You were recently inducted as an ASA fellow for innovation and leadership in K-12 teacher development; for excellence in teaching, mentoring, and inspiring future teachers, teaching assistants, and statistics education researchers; and for interdisciplinary collaboration and service to the profession. What accomplishment are you most proud of and why?
I am most proud of two of them. I am super proud of the teaching assistant training program that we built at UNL. Our TAs are some of the best teachers in the Statistics Department. I am super proud of them. I believe that the Introduction to Statistics course is the public face of our department. So many undergraduates take the course. It is so important that the class is taught well. Our TAs do a phenomenal job. The other accomplishment that I am proud of is of our former TAs who are now faculty around the country. They graduate from our department and continue to do a great job teaching students in statistics at other universities.
Is there anything you wished you had learned or done as a student that would have helped you later in your career?
I wish I had gotten more exposure to collaborative work with other disciplines. I came to UNL with a fresh Ph.D. and was asked to design experiments. All I was thinking was that these people are spending all this money on their experiments and I have no idea what I am doing. I remember the first time that I went into a greenhouse, the researchers were talking about gradients and I didn’t know what they were but I just had to jump in and design the experiment. It was a crazy time for me in the beginning. The other thing that helped me early in my career was having mentors. I had great mentors when I started my faculty job. They were very important to my career.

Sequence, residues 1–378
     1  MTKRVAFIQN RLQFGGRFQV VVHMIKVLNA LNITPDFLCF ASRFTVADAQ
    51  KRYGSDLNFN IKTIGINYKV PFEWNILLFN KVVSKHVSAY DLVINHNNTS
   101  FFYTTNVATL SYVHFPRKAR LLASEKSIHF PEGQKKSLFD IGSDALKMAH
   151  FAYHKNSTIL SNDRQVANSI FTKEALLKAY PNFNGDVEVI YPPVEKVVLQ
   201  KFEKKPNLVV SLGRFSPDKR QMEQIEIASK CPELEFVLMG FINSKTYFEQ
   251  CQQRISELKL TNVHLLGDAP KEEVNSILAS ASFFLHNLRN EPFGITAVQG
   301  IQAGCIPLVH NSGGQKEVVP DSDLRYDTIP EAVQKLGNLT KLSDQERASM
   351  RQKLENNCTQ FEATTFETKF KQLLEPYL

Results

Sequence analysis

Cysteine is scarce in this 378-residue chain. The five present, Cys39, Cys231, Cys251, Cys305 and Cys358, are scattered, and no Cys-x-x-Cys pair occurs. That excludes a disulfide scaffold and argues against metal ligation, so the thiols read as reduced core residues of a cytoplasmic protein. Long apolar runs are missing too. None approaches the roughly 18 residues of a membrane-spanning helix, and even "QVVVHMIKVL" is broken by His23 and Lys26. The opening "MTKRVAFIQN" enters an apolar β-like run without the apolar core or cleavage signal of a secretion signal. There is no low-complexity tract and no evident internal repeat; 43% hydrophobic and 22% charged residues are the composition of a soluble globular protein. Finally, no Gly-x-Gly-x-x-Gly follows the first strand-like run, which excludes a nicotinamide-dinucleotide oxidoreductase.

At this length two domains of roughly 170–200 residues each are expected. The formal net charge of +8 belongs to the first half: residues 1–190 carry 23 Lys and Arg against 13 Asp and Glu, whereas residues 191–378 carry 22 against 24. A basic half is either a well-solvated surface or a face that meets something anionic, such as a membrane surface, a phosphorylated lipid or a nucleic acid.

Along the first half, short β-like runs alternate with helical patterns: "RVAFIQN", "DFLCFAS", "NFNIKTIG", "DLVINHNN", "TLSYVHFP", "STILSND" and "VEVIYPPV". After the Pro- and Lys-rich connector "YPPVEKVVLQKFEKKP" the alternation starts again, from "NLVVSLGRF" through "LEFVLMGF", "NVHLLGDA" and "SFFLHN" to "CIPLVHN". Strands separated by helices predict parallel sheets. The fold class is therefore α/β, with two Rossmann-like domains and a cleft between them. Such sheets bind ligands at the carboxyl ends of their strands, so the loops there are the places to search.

What are some lessons that you have learned during your career that would be helpful to other professionals in statistics?
Finding a mentor is the best thing that you can do for your career. Also, don’t be afraid to ask questions, especially when starting with collaborations early in your career. I might have asked some really truly stupid questions, but that’s OK. We are experts in statistics and are not expected to know, say, engineering, as an expert, so we need to ask questions when there is something that we don’t understand. With collaborations, you really have to feel comfortable to ask a lot of questions even when you feel that they may be stupid questions.
What are some work habits that have led to success in your career?
Staying on top of everything and trying not to get behind.
What kinds of methods do you use a lot now?
In statistics education, I do a lot of curriculum development. I do a lot of collaborative work with other researchers, such as with entomologists, and I use nonlinear mixed/fixed effects models to estimate emergence curves.
What is the best advice you would give to current graduate students in statistics?
Be open to opportunities that might not seem like a natural fit. I would have never thought about statistics education before making the statistics course for the NSF grant. Before that course, I never seriously thought about working with teachers. But I am so glad that I did because I am truly passionate about statistics education.